By Jessica Steger, Editor in Chief
For one West Bend teacher, Hurricane Maria meant immediate separation from her husband.
Jo Passet, an English instructor at East High School, is married to Colonel John Passet, a member of the U.S. Army Reserve currently stationed in Puerto Rico to assist the relief efforts there. His job is to help the people and property of Puerto Rico as the territory recovers from the hurricane.
Colonel Passet is assigned to the U.S. Army North, and his unit is the Defense Coordinating Element of the Federal Emergency Management Agency Region 5. His team is responsible for the mission assignments of Department of Defense Assets, which are needed to support operations in Puerto Rico.
He was deployed two days before Hurricane Maria struck Puerto Rico on Sept. 20, so the Passet family is looking forward to this weekend’s visit.
“We’ve had a trip planned to Washington to visit our grandson,” Jo Passet said. “We’ve actually had it planned as soon as we found out he was going to be born.”
Hurricane Maria clearly was not part of their plans. Passet became aware of her husband’s deployment only the night before he left.
“I’m kind of a little nervous, hoping that he’ll be able to get out of there okay,” Passet said. “He has a flight booked so hopefully everything goes okay and he makes it home, because we leave early Friday morning for Washington State. I feel like we’re cutting it close.”
Passet is especially anxious because she learned Tuesday that Puerto Rico’s power grid went down, which will ground flights unless generators are able to revive operations.
If all goes according to plan, Colonel Passet’s visit will be a brief one. He intends to fly home Thursday, with a return flight to Puerto Rico scheduled for Monday or Tuesday.
Colonel Passet’s absence, which is expected to continue until February, has not been an easy transition for Jo.
“It never fails that something breaks when he leaves, it always happens,” she said. “My dishwasher broke last week. The funny thing is that my son and I had installed the dishwasher when he was gone for Hurricane Katrina. It must be a hurricane dishwasher thing, some kind of allegory going on.”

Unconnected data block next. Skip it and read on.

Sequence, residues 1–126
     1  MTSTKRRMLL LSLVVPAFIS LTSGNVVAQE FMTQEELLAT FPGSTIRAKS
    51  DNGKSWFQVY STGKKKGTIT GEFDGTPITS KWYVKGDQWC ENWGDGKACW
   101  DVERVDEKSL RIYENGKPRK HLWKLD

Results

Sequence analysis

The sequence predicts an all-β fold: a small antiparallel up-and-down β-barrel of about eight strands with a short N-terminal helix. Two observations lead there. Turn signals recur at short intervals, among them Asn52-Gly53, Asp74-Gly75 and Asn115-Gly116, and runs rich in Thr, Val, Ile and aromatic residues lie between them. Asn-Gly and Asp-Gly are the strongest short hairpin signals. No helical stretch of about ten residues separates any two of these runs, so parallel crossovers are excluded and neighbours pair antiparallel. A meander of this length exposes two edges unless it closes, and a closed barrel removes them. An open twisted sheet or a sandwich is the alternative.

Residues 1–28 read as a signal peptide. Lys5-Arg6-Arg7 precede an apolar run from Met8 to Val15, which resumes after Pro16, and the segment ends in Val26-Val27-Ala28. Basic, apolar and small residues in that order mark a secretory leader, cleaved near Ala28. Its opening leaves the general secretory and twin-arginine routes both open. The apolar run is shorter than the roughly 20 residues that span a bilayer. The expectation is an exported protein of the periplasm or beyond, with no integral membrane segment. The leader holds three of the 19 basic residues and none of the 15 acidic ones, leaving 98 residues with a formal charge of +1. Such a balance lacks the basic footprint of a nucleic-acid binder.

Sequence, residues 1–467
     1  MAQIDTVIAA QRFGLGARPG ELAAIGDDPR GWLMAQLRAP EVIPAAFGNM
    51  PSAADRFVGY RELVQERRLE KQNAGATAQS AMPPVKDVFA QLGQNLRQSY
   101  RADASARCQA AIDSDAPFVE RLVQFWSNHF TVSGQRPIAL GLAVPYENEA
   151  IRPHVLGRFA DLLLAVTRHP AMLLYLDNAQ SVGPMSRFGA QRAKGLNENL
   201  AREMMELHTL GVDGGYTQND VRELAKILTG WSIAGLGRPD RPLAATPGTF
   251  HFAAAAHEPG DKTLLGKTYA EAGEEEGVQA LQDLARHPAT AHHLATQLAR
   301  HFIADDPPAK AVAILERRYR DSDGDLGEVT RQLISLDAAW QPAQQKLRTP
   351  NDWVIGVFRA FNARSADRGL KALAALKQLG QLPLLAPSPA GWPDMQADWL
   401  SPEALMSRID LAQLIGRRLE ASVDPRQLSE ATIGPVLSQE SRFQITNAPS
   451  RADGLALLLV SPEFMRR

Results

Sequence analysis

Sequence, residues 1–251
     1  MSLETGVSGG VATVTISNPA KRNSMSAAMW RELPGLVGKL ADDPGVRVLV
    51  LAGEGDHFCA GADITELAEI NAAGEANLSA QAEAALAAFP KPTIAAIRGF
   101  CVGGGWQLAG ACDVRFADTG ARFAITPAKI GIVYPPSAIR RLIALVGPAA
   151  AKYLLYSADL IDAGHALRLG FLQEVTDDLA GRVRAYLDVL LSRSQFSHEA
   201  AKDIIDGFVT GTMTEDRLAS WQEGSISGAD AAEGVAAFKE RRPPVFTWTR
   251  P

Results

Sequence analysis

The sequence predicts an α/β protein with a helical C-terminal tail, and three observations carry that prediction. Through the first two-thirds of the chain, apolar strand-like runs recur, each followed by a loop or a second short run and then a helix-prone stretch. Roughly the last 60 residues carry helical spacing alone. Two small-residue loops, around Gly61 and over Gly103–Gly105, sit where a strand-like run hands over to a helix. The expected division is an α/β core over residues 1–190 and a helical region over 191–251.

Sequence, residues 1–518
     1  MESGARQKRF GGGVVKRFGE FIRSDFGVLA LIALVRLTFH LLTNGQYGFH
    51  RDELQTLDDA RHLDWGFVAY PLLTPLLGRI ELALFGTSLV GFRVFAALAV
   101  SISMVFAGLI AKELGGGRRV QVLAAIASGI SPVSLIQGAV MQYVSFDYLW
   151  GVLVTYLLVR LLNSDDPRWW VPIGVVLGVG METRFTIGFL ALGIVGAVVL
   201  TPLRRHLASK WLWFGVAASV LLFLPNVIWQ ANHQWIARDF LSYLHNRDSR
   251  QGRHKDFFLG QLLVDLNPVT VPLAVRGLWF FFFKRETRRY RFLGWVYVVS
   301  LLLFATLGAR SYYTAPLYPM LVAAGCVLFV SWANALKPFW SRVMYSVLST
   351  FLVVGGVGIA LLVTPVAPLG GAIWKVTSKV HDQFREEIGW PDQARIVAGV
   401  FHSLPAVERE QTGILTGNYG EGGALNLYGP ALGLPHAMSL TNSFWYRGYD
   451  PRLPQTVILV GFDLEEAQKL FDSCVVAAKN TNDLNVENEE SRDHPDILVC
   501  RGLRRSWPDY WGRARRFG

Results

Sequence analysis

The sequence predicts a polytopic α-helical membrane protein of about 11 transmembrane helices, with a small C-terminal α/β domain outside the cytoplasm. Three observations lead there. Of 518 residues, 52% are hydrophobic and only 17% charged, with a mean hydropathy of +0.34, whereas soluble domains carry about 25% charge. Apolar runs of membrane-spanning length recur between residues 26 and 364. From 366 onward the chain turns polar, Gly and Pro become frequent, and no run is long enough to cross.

Such malfunctions have proved difficult to take care of in a one-person household.
“I still haven’t gotten it fixed, so I need to get a repairman in, but I can’t do that because I am at school all day,” Passet said. “So I don’t know what I’m going to do. And I don’t like washing dishes, but then again I don’t eat that much when he’s gone,” Passet said.
This is not Passet’s first time experiencing her husband leaving for duty. He has served in the Army for 32 years, and has spent time away for such instances as Hurricane Katrina and service in Afghanistan.
“My children didn’t even get to talk to their dad for the entire year because he wasn’t on a military post, he was embedded with the Afghani police department,” Passet said. “So he didn’t have internet and he didn’t have phone service.”
Despite the stress his job brings, Passet is proud of her husband. When he’s not deployed, he serves as a patrol sergeant for the Ozaukee County Sheriff’s Department.
“He definitely is the hero of our family,” Passet said. “His normal job is law enforcement, and he’s been doing that for almost 25 years. And he’s been doing this for almost 32 years, and that’s a big commitment and a lot of stress. He’s an officer, too, so when he went to Afghanistan he took a team there. He was responsible for 16 people, one who didn’t come back. So that’s a big undertaking and a lot of responsibility. That in and of itself is a very big thing for our family, because he is very dedicated and a good leader.”